The most important factor is what you think is best for your career and individual situation. If you’re unsure, lean on the side of caution and be secretive. You never know, it might be the right decision, and you can later reveal your secret in due time!

The Risks Associated With Moonlighting.

Moonlighting can be a risky business decision, as it can lead to conflict with your boss or co-workers and may even jeopardize your work. Here are three of the main risks associated with this practice:

1. People may think you have something to hide – especially if it is illegal or unethical.

2. If you are secretive about your moonlighting, others might suspect something wrong with you or that you don’t care about your job.

3. This behavior could also earn you the label of “flakes.”

Read your offer letter and employee handbook carefully.

If you decide to join the band of moonlighters, ensure that it does not conflict with the company’s policies and values. It’s also important to read your offer letter and privacy policy carefully before deciding if you want to moonlight, as some conditions may be difficult or impossible to comply with.

For instance, if you are looking for permission/guidance on how much time you can work outside your regular job, this might not be an option due to the policy stated therein.

Frequently Asked Questions

Is it better to work a full-time job to make more money when compared to a part-time job?

The best way to make more money depends on your circumstances. However, here are a few things to keep in mind when deciding to work part-time or full time:

1. Employees who work part-time may be less likely to receive benefits like paid sick days and maternity leave.

2. Part-time workers may be less likely to get raises or promotions because their employer can assume they have other commitments outside of work.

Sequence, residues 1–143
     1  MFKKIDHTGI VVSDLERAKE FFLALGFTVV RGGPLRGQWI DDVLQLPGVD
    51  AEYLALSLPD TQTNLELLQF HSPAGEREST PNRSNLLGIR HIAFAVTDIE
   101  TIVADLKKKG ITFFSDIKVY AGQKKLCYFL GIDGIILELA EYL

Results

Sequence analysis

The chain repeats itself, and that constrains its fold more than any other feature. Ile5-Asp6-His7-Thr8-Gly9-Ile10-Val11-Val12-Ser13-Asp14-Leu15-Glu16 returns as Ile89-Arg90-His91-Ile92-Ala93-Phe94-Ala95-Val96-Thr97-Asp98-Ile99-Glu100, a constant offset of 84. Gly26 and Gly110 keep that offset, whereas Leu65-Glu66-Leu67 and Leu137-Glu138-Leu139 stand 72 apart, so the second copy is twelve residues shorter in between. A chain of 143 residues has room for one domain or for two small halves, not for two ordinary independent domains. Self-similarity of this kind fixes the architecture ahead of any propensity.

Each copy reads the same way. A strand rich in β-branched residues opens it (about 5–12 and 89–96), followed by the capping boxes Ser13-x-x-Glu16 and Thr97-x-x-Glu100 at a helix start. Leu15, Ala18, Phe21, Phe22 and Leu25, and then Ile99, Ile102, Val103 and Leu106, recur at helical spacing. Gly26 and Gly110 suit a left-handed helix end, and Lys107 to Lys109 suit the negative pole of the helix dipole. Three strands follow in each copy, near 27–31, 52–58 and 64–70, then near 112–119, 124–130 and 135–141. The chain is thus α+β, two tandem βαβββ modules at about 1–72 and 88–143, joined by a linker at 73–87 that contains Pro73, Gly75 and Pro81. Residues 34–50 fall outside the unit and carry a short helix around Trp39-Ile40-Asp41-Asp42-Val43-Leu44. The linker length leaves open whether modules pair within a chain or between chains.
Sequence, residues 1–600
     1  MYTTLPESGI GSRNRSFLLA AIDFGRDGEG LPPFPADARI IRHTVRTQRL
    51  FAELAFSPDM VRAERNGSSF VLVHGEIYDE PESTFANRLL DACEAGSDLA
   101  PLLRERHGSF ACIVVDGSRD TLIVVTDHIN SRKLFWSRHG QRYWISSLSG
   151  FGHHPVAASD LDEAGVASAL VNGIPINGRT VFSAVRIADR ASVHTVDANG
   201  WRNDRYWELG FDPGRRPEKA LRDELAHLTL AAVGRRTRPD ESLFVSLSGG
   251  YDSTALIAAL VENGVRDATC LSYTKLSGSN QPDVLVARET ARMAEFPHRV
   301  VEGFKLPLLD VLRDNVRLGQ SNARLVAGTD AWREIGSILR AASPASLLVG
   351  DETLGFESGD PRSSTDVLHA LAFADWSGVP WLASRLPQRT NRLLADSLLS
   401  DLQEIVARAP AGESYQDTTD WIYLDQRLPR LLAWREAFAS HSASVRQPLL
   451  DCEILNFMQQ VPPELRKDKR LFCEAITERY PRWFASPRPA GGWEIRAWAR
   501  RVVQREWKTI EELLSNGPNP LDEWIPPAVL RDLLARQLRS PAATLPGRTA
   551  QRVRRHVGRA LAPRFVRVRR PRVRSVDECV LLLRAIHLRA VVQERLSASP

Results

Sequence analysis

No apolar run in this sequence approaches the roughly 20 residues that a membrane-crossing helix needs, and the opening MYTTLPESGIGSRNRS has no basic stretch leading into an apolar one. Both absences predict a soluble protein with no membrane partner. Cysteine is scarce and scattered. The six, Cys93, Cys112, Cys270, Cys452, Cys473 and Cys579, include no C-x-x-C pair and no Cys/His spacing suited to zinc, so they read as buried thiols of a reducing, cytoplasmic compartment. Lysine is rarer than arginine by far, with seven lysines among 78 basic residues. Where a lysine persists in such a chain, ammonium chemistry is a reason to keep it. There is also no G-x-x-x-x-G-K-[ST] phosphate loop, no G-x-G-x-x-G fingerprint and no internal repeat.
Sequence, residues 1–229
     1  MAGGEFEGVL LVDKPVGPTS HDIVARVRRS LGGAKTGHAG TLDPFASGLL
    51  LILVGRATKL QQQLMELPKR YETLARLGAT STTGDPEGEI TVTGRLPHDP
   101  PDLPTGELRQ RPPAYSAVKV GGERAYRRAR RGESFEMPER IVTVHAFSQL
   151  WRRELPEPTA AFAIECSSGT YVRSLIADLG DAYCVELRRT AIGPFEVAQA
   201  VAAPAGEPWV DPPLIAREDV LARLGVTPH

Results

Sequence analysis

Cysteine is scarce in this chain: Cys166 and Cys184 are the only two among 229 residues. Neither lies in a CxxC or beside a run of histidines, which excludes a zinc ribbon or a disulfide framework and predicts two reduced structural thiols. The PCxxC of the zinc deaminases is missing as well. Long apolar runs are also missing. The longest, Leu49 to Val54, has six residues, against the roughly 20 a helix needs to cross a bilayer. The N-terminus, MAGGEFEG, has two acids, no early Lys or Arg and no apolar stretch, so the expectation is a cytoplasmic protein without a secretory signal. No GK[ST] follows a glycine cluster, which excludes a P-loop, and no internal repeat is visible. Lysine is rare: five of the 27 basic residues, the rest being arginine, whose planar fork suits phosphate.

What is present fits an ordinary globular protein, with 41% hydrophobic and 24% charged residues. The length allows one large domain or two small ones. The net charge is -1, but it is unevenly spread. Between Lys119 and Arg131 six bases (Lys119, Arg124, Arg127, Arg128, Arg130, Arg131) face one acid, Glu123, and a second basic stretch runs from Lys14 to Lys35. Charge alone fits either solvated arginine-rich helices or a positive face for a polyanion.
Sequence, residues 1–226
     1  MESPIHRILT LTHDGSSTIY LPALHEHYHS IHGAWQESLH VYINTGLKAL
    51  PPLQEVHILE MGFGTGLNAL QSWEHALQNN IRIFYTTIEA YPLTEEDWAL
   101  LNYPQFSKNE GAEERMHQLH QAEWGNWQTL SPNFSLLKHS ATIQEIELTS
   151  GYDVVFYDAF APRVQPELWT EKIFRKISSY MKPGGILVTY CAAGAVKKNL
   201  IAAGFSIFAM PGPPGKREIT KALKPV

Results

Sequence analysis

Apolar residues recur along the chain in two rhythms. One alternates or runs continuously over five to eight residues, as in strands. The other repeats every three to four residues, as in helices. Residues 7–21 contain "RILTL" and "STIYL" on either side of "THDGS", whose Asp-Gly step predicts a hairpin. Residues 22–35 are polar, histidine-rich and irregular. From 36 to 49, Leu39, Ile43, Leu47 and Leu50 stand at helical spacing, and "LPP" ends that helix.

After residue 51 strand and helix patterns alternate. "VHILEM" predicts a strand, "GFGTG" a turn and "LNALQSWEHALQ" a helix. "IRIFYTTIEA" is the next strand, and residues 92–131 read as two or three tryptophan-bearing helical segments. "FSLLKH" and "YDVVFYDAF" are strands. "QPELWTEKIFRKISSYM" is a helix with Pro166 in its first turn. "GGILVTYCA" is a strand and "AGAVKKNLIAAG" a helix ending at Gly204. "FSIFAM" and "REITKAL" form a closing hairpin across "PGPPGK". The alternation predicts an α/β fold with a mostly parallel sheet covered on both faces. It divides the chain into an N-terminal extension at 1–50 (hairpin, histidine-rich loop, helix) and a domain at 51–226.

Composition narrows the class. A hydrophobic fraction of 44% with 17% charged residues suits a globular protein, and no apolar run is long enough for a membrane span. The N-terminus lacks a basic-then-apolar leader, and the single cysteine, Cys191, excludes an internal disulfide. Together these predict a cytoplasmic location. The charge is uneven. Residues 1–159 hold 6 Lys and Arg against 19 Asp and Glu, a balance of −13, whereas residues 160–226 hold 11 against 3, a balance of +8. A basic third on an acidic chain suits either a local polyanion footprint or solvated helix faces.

3. Most people who work part-time believe they make more money overall than those who work full-time.

Is moonlighting common?

The practice of Moonlighting is not as uncommon as people might believe. It simply means working on a second job while keeping your primary job. In general, you can moonlight if it does not disrupt work or negatively affect your productivity at work. When it comes to moonlighting, people think about whether or not their employer will find out and fire them.

What’s next – can employers prevent moonlighting?

Employers can take disciplinary action against the workforce for engaging in misconduct, such as working outside their contracted work hours without prior authorization or engaging in improper conduct while at work. 

However, the short answer is no – employers cannot prevent employees from moonlighting as long as it doesn’t conflict with any clause in the employee’s contract. If you refuse and continue to moonlight, your employer may fire you for disobeying rules.


So, you’re thinking about moonlighting? Great idea! However, before jumping into the job market, consider the pros and cons of moonlighting. Although job moonlighting can be a great way to make extra money, some organizations are apprehensive about it because of the potential risks. On the other hand, there are plenty of benefits – from making new friends to boosting your resume.

Ultimately, it’s up to you whether or not you want to be secretive about your job moonlighting. However, we recommend consulting with your concerned employer before taking any action. We want you to have the best possible experience when moonlighting, so please leave your thoughts in the comments below!

Disclaimer: The post may contain affiliate links.